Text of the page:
Far more complicated than simply feeling sad, this condition can also manifest itself physically.
The tricky thing with depression is that you might not be able to spot it right away. While the condition may commonly include telltale feelings of sadness or emptiness, there are numerous physical symptoms that can manifest as well, anything from fatigue to sleeping problems, unexplained aches and digestive issues.
The extensive range of symptoms may go toward explaining why so many who have depression find themselves diagnosed by a physician. Primary doctors treat roughly half of all behavioral health disorders in the U.S., according to the Patient-Centered Primary Care Collaborative.
“The spectrum of symptoms is quite wide and broad and it does take a good listener to sort it out versus a rapid prescription for a pain pill for chest pain or headaches that are due [to] depression or a sleeping pill for insomnia,” says Joel Temme, an internist at Alexandria Internal Medicine. “It takes very little time to write a prescription for a drug and it takes a long time to sit and listen carefully.”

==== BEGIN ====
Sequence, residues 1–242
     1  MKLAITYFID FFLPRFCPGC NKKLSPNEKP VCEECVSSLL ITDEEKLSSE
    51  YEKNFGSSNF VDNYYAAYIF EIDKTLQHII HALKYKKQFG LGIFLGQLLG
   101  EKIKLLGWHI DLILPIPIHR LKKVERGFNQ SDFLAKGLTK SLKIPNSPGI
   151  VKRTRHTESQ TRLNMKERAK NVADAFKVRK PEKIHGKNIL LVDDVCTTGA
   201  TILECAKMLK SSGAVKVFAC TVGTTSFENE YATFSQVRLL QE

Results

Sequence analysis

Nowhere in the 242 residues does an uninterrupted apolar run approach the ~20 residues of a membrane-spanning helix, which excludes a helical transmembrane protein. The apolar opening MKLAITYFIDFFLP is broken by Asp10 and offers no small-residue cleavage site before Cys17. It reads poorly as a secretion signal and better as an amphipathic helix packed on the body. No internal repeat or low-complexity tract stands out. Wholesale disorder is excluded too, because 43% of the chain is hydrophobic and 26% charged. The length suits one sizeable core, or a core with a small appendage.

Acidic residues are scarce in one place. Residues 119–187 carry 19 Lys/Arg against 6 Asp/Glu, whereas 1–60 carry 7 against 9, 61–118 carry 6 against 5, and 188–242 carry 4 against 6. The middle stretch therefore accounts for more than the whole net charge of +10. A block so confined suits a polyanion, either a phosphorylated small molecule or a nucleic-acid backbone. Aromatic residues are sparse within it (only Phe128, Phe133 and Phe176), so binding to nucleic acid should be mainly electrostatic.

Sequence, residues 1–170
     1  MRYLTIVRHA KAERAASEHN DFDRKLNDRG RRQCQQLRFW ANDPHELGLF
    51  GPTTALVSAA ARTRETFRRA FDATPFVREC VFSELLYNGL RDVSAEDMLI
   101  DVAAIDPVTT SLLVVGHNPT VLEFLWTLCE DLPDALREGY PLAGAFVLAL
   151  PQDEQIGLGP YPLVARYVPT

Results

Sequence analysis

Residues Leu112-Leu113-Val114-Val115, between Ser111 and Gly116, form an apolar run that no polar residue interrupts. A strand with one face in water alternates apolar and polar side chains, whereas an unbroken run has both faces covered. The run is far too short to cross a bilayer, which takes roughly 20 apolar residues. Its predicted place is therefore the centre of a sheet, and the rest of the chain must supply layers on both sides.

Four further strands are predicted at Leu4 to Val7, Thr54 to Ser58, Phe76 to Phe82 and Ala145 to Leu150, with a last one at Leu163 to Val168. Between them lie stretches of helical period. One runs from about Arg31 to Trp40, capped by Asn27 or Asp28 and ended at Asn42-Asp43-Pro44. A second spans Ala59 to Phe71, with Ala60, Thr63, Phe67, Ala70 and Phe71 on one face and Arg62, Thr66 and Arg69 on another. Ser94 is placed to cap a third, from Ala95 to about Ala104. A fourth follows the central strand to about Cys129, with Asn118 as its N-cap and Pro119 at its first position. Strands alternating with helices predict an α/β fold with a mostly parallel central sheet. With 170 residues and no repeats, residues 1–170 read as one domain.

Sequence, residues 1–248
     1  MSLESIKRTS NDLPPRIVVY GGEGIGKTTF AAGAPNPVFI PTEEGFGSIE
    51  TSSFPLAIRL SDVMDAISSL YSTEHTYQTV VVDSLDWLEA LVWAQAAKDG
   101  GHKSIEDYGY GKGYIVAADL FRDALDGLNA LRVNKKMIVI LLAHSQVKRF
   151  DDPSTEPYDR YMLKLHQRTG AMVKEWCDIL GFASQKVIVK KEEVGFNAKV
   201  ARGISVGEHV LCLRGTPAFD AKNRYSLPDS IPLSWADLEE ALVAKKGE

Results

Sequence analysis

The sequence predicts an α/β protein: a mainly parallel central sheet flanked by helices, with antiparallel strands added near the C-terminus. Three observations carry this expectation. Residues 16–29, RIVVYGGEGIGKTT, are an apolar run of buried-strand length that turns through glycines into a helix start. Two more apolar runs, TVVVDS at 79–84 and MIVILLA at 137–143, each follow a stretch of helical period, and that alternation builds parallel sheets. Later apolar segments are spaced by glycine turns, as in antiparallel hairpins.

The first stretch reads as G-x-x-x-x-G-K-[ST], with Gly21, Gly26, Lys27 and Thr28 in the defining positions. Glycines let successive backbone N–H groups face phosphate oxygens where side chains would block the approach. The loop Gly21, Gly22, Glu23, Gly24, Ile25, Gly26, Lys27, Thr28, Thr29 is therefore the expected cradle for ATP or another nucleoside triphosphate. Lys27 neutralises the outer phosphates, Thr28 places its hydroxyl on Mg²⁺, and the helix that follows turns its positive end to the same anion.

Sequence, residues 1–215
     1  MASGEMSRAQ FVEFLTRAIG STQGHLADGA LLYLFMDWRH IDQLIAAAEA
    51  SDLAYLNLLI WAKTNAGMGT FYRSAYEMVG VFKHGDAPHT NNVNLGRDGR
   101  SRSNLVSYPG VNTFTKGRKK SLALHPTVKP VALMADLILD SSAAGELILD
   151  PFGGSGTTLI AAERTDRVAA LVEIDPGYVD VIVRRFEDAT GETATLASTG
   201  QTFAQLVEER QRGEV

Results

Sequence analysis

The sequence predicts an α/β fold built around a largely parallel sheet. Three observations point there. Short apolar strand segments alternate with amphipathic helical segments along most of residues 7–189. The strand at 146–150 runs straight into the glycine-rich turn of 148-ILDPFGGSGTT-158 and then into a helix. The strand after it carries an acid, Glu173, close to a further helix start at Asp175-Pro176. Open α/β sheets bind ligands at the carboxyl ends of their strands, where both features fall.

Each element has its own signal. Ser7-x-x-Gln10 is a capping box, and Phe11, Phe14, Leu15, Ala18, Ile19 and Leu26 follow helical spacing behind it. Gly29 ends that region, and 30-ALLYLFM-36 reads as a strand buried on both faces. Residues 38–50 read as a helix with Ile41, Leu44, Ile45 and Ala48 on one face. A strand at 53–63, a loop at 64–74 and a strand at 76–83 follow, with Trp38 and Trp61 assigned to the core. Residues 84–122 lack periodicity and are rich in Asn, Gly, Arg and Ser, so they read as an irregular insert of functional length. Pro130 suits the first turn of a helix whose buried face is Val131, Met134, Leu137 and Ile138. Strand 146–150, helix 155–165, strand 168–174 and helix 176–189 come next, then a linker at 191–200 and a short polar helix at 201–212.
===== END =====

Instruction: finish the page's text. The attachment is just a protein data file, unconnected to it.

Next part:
Once physical conditions are ruled out and a diagnosis of depression is given, patients have several possible courses of treatment. In certain cases, physicians who feel comfortable doing so may write a prescription for anti-depressants, while others might recommend counseling or cognitive behavioral therapy first.
The National Institute of Mental Health estimates that in 2015 more than 16 million U.S. adults struggled with at least one major depressive episode over the prior year.